Top Dressing Succulents| Pebbles| Decorative Rocks
Reasons for top dressing succulents with pebbles are many and vary from one person to another. If you are wondering whether to top dress or not to top dress, here is a number of reasons why you should. Apart from covering the benefits of top-dressing succulents with pebbles and decorative rocks, the post also covers the disadvantages of top-dressing.
Top-dressing with pebbles or decorative rocks is one of the most common ways of top-dressing all types of succulents. Using the pebbles and decorative rocks serve different purposes and are not just for decoration. In fact, the rocks are more practical than they are for decoration.
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Why you should top dress succulents
Create a barrier between the soil and the leaves
Placing a layer of pebbles underneath serves as a barrier between the lower leaves and the soil. Since there’s no contact between the two it reduces chances of rotting especially when the soil gets too wet.
Control erosion by top dressing succulents
Putting decorative rocks on succulents mitigates the effects of erosion. This is particularly relevant if you’re the type who hoses down their plants or if you expose them to the rain.
Water from hosing or direct rainfall will erode most of the fine topsoil exposing pockets of sand and sometimes the compacted soil. Creating a layer of pebbles protects everything by creating a barrier of top-dressing.
Including pebbles contributes to the density of the top layer. So, if you have top dressing this reduces the chance of lighter materials floating up onto the top of the soil. It is harder for the wind to blow away or for water to carry away rocks and pebbles compared to the fine topsoil.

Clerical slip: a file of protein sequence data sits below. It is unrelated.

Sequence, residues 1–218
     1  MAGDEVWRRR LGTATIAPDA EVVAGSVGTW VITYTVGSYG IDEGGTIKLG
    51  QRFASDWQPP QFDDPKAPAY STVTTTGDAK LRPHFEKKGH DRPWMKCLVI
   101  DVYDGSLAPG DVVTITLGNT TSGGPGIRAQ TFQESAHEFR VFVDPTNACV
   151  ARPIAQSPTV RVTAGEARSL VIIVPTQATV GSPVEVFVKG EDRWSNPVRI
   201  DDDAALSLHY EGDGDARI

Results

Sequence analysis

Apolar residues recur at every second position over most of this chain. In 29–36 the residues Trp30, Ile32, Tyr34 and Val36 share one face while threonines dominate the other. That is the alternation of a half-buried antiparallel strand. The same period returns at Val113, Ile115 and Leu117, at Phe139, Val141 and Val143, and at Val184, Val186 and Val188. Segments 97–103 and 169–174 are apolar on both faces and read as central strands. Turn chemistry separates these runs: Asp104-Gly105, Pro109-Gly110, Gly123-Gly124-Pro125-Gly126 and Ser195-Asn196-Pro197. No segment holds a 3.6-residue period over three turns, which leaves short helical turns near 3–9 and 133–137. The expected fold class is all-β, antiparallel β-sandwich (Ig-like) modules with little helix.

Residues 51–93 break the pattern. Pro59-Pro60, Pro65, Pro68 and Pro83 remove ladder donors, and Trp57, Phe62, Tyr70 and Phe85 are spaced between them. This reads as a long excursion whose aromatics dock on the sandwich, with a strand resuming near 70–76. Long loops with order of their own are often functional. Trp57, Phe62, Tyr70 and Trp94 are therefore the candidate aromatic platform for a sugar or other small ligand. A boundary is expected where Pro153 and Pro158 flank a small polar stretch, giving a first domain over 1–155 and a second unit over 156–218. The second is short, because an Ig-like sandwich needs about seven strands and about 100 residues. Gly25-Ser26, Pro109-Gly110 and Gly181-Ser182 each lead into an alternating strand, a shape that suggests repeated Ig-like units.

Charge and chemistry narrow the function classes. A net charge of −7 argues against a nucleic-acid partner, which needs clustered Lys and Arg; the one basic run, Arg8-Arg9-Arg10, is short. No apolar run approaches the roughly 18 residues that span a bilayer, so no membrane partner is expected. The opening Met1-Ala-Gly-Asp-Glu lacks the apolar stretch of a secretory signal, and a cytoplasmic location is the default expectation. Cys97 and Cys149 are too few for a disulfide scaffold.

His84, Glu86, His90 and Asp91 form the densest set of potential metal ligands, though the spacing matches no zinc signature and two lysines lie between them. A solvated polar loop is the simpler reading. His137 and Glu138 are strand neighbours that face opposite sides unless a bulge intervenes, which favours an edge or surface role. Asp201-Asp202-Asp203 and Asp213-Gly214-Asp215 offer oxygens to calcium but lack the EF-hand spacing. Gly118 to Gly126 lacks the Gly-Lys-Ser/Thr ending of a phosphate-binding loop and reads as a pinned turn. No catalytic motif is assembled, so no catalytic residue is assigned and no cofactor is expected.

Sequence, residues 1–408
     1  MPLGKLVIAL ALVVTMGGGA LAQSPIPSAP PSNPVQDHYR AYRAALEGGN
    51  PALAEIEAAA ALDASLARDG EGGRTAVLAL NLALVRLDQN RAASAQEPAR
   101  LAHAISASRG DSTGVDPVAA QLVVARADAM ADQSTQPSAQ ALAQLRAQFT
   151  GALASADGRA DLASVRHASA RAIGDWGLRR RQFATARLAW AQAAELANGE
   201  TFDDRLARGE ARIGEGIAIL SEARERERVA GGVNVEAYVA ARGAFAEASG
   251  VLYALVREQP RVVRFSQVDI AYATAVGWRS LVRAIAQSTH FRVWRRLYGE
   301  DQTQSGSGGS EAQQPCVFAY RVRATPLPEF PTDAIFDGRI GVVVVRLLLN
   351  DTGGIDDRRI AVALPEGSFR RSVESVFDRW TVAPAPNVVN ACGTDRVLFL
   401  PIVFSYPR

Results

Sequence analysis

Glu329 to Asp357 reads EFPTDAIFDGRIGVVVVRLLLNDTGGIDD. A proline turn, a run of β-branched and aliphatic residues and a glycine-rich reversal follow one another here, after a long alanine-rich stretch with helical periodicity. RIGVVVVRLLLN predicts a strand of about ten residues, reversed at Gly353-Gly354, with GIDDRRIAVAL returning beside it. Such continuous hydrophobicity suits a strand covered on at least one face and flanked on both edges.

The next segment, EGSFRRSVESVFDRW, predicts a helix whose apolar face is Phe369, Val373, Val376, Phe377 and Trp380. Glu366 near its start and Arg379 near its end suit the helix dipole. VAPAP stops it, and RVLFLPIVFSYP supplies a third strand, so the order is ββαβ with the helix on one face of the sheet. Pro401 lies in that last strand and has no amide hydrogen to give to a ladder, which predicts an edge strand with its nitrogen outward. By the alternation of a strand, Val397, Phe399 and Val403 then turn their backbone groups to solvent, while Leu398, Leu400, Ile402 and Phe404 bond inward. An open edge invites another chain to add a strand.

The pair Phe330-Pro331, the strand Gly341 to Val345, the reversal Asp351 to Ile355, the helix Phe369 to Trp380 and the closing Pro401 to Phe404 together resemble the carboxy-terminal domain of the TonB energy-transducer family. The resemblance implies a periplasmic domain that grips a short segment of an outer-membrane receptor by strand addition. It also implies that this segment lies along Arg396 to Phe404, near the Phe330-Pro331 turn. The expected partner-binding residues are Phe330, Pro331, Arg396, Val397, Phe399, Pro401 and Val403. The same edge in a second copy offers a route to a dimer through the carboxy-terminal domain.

Protecting the topsoil is important because it contains many nutrients and is also needed for healthy root growth and anchoring of the succulents.
Reducing compaction of the top layer
Pebbles and other decorative rocks do not tend to compact, unlike regular soil. The problem of soil compaction is especially noticeable in succulents that are grown directly in the ground.
Top-dressing succulents means there are lots of air pockets around them which helps the plants receive proper aeration which helps them thrive.
Poor heat conduction
The decorative rocks and pebbles from top dressing succulents create air pockets which means that they are poor conductors of heat. Exposed soil will heat up a lot faster compared to top grass soil, as a result, the roots are less likely to burn provided that you keep them dry
It’s advisable not to water your plants when it is hot outside because it can burn the roots.
Light-colored pebbles reflect rather than absorb light. Scientifically, light surfaces reflected more light compared to dark surfaces. The decorative rocks reflect more light compared to bare soil around the succulents. As a result, less heat is being absorbed and even less of the heat reaches the roots of the succulent plants.
More light for the lower leaves